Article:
Although certain types of well tools 24, 26, 28 are described above as being operated using electrical power generated by the generator 16, it should be clearly understood that the invention is not limited to use of the generator 16 with any particular type of well tool. The invention is also not limited to any particular type of well installation or configuration.
Referring additionally now to
Accordingly, in the system 10 the fluid 18 flows upwardly through the passage 20 in the generator 16. The fluid 18 could flow in another direction (such as downwardly through the passage 20, etc.) if the generator 16 is used in another system.
The passage 20 extends through a generally tubular housing 36 of the generator 16. The housing 36 may be a single tubular member or it may be an assembly of separate components.
Note that the housing 36 includes a flow diverter 38 in the form of a venturi in the passage 20. As the fluid 18 flows through the diverter 38, a pressure differential is created, in a manner well understood by those skilled in the art. Pressure in the passage 20 upstream of the diverter 38 will, therefore, be greater than pressure downstream of the diverter.
The housing 36 also includes openings 40 formed through its sidewall downstream of the diverter 38, and openings 42 formed through its sidewall upstream of the restriction. An annulus 44 formed between the housing 36 and an outer housing 46 is in communication with each of the openings 40, 42. Thus, instead of flowing directly through the diverter 38, a portion of the fluid 18 is induced by the pressure differential in the passage 20 to flow through the openings 42 upstream of the diverter 38 to the chamber 44, and from the chamber through the openings 40 back into the passage 20 downstream of the diverter.
Note that it is not necessary for the diverter 38 to include a restriction in the passage 20 in order to divert the portion of the fluid 18 to flow through the annulus 44. For example, the diverter 38 could instead include an enlarged flow area (such as, provided by an annular recess) in the passage 20 at the openings 40, so that a pressure reduction is created in the annulus 44 via the openings 40, thereby drawing fluid into the chamber from the passage via the openings 42 upstream of the enlarged flow area. In this manner, the pressure differential may be created in the passage 20 without restricting flow or access through the passage.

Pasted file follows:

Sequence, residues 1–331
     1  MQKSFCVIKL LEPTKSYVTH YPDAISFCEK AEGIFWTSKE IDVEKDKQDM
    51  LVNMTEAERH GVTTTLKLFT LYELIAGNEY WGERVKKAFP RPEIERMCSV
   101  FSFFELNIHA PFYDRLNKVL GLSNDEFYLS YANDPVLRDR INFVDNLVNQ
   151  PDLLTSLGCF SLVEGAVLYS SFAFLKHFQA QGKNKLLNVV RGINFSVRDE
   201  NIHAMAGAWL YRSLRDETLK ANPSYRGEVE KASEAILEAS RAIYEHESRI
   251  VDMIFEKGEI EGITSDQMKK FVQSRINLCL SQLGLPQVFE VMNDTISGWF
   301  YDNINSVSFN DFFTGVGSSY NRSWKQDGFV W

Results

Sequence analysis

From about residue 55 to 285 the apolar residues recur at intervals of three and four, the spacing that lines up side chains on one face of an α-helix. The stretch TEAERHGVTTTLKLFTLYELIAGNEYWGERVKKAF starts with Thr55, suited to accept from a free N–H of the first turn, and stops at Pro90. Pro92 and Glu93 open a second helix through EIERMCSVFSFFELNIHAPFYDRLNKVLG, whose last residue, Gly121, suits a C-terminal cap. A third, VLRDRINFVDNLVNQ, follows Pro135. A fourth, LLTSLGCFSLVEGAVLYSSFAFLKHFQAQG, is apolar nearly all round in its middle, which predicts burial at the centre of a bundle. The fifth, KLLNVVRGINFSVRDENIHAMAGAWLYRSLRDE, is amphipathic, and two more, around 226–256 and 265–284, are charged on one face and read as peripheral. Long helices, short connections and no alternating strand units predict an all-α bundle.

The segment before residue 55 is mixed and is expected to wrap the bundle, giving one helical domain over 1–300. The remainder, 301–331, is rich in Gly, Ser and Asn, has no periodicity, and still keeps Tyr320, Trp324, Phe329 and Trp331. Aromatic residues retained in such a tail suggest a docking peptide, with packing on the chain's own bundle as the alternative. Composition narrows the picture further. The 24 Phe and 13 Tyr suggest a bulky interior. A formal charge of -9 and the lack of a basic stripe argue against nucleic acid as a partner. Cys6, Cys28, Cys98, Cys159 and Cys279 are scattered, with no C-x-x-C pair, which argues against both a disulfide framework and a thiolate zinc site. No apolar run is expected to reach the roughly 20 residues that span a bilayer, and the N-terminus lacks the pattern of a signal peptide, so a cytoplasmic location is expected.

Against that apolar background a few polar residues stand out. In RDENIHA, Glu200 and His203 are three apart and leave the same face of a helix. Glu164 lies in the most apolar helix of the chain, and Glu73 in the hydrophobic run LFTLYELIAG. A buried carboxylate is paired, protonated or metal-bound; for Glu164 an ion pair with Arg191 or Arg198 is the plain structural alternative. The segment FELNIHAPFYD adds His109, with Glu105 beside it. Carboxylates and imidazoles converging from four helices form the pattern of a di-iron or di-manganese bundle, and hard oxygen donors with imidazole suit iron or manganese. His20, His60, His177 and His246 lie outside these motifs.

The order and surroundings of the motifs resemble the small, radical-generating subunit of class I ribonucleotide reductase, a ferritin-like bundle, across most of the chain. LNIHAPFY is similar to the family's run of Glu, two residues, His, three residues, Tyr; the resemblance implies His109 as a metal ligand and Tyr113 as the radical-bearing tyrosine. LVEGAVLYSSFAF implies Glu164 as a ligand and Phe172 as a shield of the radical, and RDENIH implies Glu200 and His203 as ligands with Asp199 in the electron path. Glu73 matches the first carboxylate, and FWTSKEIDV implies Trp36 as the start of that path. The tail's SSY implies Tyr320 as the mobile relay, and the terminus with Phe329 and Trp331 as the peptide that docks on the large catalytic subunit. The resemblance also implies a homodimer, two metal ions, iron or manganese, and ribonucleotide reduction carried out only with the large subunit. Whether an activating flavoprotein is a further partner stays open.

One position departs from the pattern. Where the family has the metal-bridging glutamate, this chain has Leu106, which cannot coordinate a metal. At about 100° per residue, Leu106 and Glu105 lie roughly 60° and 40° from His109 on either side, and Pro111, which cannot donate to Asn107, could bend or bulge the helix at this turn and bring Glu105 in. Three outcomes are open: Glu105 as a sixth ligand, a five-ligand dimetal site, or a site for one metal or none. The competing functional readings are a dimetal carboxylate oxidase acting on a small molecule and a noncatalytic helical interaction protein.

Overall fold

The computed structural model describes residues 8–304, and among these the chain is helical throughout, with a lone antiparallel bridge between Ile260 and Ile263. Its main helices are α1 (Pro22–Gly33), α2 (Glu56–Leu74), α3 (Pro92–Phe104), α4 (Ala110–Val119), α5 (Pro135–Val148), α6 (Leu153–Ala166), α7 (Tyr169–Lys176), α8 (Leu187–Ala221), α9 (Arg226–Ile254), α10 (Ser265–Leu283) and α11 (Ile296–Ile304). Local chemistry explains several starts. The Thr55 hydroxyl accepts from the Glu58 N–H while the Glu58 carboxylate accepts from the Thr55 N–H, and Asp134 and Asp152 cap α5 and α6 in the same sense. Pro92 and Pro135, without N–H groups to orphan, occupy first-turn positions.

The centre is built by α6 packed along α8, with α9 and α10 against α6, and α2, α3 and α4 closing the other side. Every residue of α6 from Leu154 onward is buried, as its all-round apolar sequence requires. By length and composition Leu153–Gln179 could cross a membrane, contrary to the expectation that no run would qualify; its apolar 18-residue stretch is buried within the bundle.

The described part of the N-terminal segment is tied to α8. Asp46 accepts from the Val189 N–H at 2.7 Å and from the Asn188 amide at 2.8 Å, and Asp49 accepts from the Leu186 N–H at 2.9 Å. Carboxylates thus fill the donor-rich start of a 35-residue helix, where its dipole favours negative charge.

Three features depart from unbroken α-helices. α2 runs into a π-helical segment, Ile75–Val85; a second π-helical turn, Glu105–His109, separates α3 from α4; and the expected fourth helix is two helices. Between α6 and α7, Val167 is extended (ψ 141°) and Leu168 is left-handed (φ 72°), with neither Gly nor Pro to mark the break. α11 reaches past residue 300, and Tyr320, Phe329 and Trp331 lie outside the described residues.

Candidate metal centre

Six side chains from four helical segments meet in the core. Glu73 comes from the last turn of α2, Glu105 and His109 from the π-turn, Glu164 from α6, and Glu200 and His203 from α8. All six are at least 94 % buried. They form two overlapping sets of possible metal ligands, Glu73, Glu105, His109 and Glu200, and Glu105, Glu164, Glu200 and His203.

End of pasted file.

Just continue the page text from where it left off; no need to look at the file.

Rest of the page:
A flow restricting device 48 is positioned in the chamber 44. The device 48 operates to variably restrict flow through the openings 40, for example, by varying an unobstructed flow area through the openings. The device 48 is illustrated as a sleeve, but other configurations, such as needles, cages, plugs, etc., could be used in keeping with the principles of the invention.
As depicted in
The device 48 has an outwardly extending annular projection 50 formed thereon which restricts flow through the chamber 44. Because of this restriction, another pressure differential is created in the chamber 44 between upstream and downstream sides of the projection 50. As the fluid 18 flows through the chamber 44, the pressure differential across the projection 50 biases the device 48 in an upward direction, that is, in a direction which operates to increasingly restrict flow through the openings 40.
Upward displacement of the device 48 is resisted by a biasing device 52, such as a coil spring, gas charge, etc. The biasing device 52 applies a downwardly directed biasing force to the device 48, that is, in a direction which operates to decreasingly restrict flow through the openings 40.
If the force applied to the device 48 due to the pressure differential across the projection 50 exceeds the biasing force applied by the biasing device 52, the device 48 will displace upward and increasingly restrict flow through the openings 40. If the biasing force applied by the biasing device 52 to the device 48 exceeds the force due to the pressure differential across the projection 50, the device 48 will displace downward and decreasingly restrict flow through the openings 40.
Note that if flow through the openings 40 is increasingly restricted, then the pressure differential across the projection 50 will decrease and less upward force will be applied to the device 48. If flow through the openings is less restricted, then the pressure differential across the projection 50 will increase and more upward force will be applied to the device 48.